To summarise… <ul><li>Eat more fruit and veg -  why not try a new one occasionally? </li></ul><ul><li>Have at least 1 meat...
<ul><li>“ Food is part of a balanced diet” </li></ul>Enjoy!
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Nutrition in a nutshell

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Nutrition in a nutshell was presented by Catherine Collins at St George's Healthcare NHS Trust as part of a selection of presentations offered to foundation trust members. If your interested in becoming a FT member please email members@stgeorges.nhs.uk

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  • Nutrition in a nutshell

    1. 1. Welcome Nutrition in a nutshell - how to eat healthy and live longer Catherine Collins RD FBDA Principal dietitian, St George’s Hospital
    2. 2. <ul><li>Dietary change is a common New Year resolution </li></ul><ul><li>“ We have a population in constant state of high alert for foods that will kill them or cure them </li></ul><ul><ul><li>Good foods will not only make us healthy, but also righteous </li></ul></ul><ul><ul><li>Bad foods make us sinful – and will kill us” Tim Byers </li></ul></ul><ul><li>Short-term extreme dietary habits often started – and quickly suspended – at this time of year </li></ul>
    3. 3. What is a dietitian? ‘ Dietitians translate the science of nutrition into practical information about food. They work with people to promote nutritional well-being, prevent food-related problems and treat disease.’ NHS Careers web page
    4. 4. What is a dietitian? Dietitians: a profession “uniting food, culture and science to improve human health and quality of life” Dr Johanna Dwyer; US NIH Dietitian is a ‘legally protected’ term. It is illegal to use the title unless you are a dietitian.
    5. 5. <ul><li>Anyone can be a nutritionist… </li></ul><ul><li>or ‘Leading Clinical Nutritionists’… </li></ul><ul><li>or ‘Nutritional Therapists’… </li></ul><ul><li>… the term is not ‘protected’ by law </li></ul>How many of you are nutritionists?
    6. 6. Life expectancy 80% of life is disease free 78 years men 82 years women
    7. 7. Longer old age or longer ill health? <ul><li>Life expectancy has increased for both men and women </li></ul><ul><li>Age at which we develop a ‘serious illness’ that will affect our life is static </li></ul><ul><li>We have one additional year of ill health before we die, based on current UK statistics </li></ul><ul><li>So far, healthy diet and lifestyle appears to optimise health and longevity. The evidence for vitamin supplements is not only in its infancy, but at the moment appears not proven. </li></ul>
    8. 8. Nutrition and health Where’s the evidence? Population studies Organ health Individuals Cell function Environment Diet Lifestyle and activity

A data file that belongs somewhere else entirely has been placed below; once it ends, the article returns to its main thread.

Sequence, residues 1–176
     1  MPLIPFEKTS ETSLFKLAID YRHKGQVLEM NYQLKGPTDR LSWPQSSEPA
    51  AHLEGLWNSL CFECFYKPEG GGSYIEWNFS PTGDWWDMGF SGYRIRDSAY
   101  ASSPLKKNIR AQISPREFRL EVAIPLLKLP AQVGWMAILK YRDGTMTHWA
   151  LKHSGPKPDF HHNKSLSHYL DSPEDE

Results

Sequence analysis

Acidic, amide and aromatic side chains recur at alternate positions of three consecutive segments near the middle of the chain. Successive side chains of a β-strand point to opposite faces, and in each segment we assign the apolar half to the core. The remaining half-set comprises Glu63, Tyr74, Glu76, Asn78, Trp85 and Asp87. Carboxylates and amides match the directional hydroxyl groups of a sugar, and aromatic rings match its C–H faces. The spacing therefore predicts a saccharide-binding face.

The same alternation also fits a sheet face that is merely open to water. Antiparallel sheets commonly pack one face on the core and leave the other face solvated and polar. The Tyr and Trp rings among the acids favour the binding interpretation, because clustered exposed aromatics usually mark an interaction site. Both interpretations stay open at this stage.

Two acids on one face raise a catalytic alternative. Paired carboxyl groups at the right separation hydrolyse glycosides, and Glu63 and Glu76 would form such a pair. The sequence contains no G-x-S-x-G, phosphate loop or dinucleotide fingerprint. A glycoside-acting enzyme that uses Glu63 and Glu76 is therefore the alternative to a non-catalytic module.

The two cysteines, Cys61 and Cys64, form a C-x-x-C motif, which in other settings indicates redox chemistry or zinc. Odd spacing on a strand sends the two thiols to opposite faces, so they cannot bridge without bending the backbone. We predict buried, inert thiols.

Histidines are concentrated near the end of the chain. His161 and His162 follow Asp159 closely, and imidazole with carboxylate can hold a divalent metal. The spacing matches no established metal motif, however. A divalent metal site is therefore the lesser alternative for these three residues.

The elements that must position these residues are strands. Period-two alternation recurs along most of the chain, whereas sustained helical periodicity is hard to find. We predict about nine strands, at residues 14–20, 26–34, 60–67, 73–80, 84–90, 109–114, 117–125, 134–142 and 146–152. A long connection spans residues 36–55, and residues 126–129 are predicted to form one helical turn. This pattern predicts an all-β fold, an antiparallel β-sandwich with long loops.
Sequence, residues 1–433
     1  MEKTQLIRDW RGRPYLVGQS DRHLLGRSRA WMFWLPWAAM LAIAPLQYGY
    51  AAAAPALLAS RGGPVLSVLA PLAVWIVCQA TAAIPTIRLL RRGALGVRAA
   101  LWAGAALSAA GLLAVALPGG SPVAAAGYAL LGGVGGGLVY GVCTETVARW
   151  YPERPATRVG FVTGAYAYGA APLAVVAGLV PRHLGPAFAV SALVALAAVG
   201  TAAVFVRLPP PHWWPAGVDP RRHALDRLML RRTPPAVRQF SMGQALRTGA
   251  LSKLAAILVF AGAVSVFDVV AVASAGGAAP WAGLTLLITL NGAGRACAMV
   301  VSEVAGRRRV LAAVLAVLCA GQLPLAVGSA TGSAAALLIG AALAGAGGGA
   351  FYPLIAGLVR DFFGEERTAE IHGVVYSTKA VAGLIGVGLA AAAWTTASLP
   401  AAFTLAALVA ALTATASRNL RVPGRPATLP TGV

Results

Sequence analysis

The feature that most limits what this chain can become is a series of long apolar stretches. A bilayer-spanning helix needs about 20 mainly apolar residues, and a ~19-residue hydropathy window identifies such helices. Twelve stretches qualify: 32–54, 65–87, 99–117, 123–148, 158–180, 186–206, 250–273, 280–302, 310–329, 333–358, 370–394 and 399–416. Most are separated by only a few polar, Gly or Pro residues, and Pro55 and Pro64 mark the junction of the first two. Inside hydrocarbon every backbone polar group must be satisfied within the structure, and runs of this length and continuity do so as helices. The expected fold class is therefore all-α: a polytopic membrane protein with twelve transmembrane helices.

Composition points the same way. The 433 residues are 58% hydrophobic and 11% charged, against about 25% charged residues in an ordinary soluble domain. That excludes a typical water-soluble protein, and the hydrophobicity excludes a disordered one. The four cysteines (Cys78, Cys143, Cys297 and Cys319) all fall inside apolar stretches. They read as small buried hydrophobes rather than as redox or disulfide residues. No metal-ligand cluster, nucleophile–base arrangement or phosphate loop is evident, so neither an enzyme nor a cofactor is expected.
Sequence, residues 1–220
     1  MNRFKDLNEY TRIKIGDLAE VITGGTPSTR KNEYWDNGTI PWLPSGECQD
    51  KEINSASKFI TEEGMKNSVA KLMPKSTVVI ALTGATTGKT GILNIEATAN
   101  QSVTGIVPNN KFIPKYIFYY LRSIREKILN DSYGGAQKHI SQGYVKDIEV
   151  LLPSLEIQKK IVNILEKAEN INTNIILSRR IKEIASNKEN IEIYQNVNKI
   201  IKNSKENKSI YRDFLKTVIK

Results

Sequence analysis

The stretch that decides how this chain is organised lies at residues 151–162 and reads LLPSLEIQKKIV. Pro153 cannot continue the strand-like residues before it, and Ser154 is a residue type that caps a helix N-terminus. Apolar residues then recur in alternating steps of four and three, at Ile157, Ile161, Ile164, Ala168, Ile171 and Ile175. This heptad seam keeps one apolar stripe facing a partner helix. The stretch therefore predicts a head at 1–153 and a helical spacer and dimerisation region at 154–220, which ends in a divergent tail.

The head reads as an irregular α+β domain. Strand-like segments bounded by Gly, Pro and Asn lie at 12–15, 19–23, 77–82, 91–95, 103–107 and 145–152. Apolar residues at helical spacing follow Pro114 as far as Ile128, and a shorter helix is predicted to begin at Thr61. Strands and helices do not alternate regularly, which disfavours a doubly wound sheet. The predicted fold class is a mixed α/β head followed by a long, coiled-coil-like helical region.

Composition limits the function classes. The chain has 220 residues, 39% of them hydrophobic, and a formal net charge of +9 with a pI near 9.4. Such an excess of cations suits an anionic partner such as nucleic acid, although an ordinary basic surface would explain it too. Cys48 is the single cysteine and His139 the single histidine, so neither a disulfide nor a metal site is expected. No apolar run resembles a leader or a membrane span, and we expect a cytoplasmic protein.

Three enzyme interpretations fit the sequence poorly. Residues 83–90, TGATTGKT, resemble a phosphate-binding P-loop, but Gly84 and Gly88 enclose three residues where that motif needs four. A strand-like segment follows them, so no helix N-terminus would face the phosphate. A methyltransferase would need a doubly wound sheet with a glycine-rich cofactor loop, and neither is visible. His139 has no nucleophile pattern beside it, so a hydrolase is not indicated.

9. 9. The ‘Mediterranean diet’ Where did the idea of the ‘Mediterranean Diet’ originate? Great Britain – or Greece?
    10. 10. <ul><li>James Lind (1716-1794) </li></ul><ul><li>Surgeon on HMS Salisbury </li></ul><ul><li>First nutrition experiment at sea in 1747 </li></ul><ul><li>identified oranges and lemons to have &quot;most sudden and good effects&quot; in treating scurvy, a condition responsible for the death of two thirds of sailors on traditional ocean sailing routes </li></ul><ul><li>Trading links with British Caribbean lead to limes becoming a standard fruit carried on board. British sailors became known as ‘Limeys’ </li></ul><ul><li>Lime juice cordial was developed to provide an alternative to the storage of limes in alcohol </li></ul><ul><li>The Merchant Shipping Amendment Act of 1867 made it law to carry lemons or limes on seafaring vessels </li></ul>British nutrition research… The first randomised controlled trial
    11. 11. <ul><li>Sir Jack Drummond (1891-1952) </li></ul><ul><li>Pioneer of vitamin research in the 1930-40’s </li></ul><ul><li>Advised the Ministry of Food on suitable food rations, and the use of vitamin supplements in WWII </li></ul><ul><li>Frederick, Lord Woolton (1883-1964) </li></ul><ul><li>Appointed Minister of Food in 1940 </li></ul><ul><li>Became infamous for his PR campaigns </li></ul><ul><li>- particularly the ‘Woolton steak and kidney pie’ (a vegetable pie containing no steak, and no kidney, because these meats were rationed) </li></ul>British nutrition research…
    12. 12. Public health nutrition (1940-1955) typical weekly ration,1942 <ul><li>540 g of meat (fish, sausages and offal were off ration) </li></ul><ul><li>4 oz (113g) of bacon/ham </li></ul><ul><li>3 pints of milk </li></ul><ul><li>1 oz (28 g) cheese </li></ul><ul><li>2 oz (57 g) butter </li></ul><ul><li>2 oz (57 g) fat or lard </li></ul><ul><li>2 oz (57 g) loose tea </li></ul><ul><li>1-4 eggs </li></ul><ul><li>2oz jam + 3oz sweets + 3oz sugar </li></ul><ul><li>+ &quot;points&quot; for tinned/ dried food </li></ul>Note: less saturated fat and sugar than pre-war diet